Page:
Legislation enables electronic meetings and easier written shareholder consent, and corrects common issues affecting Arizona corporations and partnerships
Amendments to the Arizona corporation LLC and partnership laws effective August 6, 2016 will afford clients greater flexibility in online meetings, correct common problems business clients have experienced under prior law, and help avoid litigation and corporate noncompliance. In summary, under the new law:
- Shareholders and directors are legally authorized to conduct meetings and other business electronically (including online by text, or “chat”). Proxies and shareholder agreements may now last as long as the parties agree.
- Shareholders may agree in writing (including electronically) without meeting face-to-face or by telephone, as long as written consents are received from the same number of voting shares as would be required at a face-to-face meeting, which is usually a majority.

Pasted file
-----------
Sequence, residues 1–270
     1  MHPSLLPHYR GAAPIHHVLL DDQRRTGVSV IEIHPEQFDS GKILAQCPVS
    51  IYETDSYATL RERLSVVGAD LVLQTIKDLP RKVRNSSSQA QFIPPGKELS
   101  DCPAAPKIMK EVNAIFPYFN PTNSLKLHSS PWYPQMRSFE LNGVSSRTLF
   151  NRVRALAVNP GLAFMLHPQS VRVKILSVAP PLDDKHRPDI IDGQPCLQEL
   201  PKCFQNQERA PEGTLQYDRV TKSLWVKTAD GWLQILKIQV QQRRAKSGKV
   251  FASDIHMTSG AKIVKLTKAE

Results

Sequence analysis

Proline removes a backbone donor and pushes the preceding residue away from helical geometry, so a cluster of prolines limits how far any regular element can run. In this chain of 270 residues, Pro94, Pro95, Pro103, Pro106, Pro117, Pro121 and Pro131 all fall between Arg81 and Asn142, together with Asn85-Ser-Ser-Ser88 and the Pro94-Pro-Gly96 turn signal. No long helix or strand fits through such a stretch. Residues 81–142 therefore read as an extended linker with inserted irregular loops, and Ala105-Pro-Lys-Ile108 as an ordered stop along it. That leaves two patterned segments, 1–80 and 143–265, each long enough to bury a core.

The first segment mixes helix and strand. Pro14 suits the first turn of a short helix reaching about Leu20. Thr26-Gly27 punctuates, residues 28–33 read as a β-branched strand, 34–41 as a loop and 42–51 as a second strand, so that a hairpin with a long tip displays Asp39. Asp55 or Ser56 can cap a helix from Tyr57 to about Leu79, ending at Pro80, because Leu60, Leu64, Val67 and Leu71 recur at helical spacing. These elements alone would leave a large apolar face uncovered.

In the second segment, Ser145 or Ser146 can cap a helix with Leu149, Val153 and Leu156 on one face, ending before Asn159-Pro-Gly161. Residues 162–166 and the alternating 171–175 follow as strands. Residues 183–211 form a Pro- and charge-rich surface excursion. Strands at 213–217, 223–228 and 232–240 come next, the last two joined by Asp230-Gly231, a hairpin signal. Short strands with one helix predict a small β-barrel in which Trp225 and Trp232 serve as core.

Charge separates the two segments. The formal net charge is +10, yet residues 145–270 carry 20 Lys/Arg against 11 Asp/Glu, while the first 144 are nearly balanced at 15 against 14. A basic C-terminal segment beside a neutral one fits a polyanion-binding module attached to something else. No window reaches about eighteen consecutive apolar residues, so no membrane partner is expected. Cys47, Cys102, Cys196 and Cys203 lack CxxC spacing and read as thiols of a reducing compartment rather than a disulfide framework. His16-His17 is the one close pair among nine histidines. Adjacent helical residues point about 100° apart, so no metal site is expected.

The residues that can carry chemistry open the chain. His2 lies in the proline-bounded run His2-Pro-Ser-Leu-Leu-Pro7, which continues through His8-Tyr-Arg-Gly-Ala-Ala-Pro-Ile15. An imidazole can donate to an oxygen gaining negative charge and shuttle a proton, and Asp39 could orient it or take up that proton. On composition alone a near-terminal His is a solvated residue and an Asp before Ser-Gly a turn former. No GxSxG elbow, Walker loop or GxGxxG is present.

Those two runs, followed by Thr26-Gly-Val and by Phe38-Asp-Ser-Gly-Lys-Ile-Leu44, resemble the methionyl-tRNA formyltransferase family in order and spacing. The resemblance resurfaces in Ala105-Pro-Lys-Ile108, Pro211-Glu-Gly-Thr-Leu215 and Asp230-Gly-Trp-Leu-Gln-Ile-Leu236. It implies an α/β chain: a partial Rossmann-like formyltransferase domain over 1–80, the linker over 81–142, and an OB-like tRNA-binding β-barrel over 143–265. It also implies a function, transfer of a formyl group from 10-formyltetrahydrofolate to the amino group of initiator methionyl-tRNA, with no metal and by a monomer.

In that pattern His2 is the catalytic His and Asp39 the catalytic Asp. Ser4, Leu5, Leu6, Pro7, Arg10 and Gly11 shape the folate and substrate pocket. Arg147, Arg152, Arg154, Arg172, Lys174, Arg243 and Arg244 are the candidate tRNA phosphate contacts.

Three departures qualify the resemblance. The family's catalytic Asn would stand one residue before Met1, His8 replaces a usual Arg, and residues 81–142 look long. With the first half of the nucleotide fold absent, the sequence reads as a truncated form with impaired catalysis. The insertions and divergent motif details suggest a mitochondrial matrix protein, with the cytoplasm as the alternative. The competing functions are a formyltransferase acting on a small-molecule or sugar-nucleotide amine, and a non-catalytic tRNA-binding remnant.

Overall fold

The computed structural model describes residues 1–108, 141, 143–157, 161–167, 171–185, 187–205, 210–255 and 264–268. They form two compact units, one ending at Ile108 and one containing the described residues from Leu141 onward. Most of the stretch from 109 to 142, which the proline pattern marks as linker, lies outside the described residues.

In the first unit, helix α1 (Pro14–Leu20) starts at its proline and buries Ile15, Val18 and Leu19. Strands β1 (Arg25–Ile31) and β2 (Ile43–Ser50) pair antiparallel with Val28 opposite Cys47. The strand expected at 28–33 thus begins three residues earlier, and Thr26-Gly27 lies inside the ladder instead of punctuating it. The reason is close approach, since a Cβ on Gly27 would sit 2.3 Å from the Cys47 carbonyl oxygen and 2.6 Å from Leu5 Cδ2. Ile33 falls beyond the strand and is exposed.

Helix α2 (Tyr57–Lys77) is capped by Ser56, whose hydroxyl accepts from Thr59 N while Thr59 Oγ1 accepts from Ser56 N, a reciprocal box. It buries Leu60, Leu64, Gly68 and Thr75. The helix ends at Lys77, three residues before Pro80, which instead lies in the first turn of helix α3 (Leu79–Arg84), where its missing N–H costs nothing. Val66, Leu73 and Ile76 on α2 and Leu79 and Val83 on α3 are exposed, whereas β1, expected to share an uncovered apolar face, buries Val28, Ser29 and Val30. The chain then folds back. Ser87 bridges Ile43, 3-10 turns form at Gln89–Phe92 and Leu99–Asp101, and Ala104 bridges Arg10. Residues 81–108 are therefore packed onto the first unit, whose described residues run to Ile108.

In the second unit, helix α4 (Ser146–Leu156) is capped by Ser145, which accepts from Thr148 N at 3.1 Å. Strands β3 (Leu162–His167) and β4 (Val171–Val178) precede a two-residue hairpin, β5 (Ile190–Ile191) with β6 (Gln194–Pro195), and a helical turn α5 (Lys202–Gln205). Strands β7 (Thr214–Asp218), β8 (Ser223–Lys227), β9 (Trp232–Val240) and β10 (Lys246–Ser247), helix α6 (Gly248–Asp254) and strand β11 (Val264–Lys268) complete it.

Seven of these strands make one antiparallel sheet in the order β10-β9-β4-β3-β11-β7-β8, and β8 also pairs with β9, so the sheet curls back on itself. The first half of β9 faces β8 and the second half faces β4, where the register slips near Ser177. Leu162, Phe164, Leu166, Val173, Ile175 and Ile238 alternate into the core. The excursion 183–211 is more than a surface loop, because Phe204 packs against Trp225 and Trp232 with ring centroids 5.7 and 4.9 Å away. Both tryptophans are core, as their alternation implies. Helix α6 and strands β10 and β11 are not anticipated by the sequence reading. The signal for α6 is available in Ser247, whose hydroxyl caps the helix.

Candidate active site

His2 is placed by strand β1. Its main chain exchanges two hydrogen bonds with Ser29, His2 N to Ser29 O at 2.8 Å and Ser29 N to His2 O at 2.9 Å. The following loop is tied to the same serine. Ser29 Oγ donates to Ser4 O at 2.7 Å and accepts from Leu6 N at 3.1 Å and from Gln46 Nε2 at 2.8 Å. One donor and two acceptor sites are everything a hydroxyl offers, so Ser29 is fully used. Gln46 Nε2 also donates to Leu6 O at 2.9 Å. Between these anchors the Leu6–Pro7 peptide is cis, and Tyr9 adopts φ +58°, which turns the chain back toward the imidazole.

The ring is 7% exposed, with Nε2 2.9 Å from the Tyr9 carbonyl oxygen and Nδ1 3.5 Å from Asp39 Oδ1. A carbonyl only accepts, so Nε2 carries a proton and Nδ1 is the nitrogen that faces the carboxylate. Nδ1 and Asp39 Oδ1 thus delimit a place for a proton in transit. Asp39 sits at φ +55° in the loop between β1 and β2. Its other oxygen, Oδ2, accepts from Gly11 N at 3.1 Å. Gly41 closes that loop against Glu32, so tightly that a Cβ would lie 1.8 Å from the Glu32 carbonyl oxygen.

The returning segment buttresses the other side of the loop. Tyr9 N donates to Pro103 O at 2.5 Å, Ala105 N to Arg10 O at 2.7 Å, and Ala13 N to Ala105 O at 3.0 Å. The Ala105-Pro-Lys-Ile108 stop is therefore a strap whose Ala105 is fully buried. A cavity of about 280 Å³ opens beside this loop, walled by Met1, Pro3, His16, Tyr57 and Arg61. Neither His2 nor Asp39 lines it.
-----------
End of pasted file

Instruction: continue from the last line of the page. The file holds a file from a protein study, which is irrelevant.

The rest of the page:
Previously, Arizona law required unanimous written consent if the shareholders did not actually have a meeting where all participants can hear each other, thereby forcing shareholders to hold a meeting in person or by phone just to achieve a valid majority vote if there is even one holdout.
Note: Public companies and corporations existing at the date the legislation becomes effective are “grandfathered” – unanimous written consent is still required for consent without a meeting – unless they affirmatively amend their articles or bylaws to “opt in.” So, existing Arizona corporations should consider amending their articles or bylaws to take advantage of the new law. Contact Scott DeWald if you wish to discuss amending your Arizona corporation’s articles or bylaws in this way.
- Arizona businesses – and those who deal with them – are now better protected against false or unauthorized corporate filings and false statements by persons pretending to act for corporations that do not exist, because persons who file with the Arizona Corporation Commission materially false, misleading reports relating to an Arizona corporation or LLC, or who falsely state that they are acting for a corporation or LLC that doesn’t exist, or who sign documents they are not authorized to sign, are subject to civil liability to those who are harmed.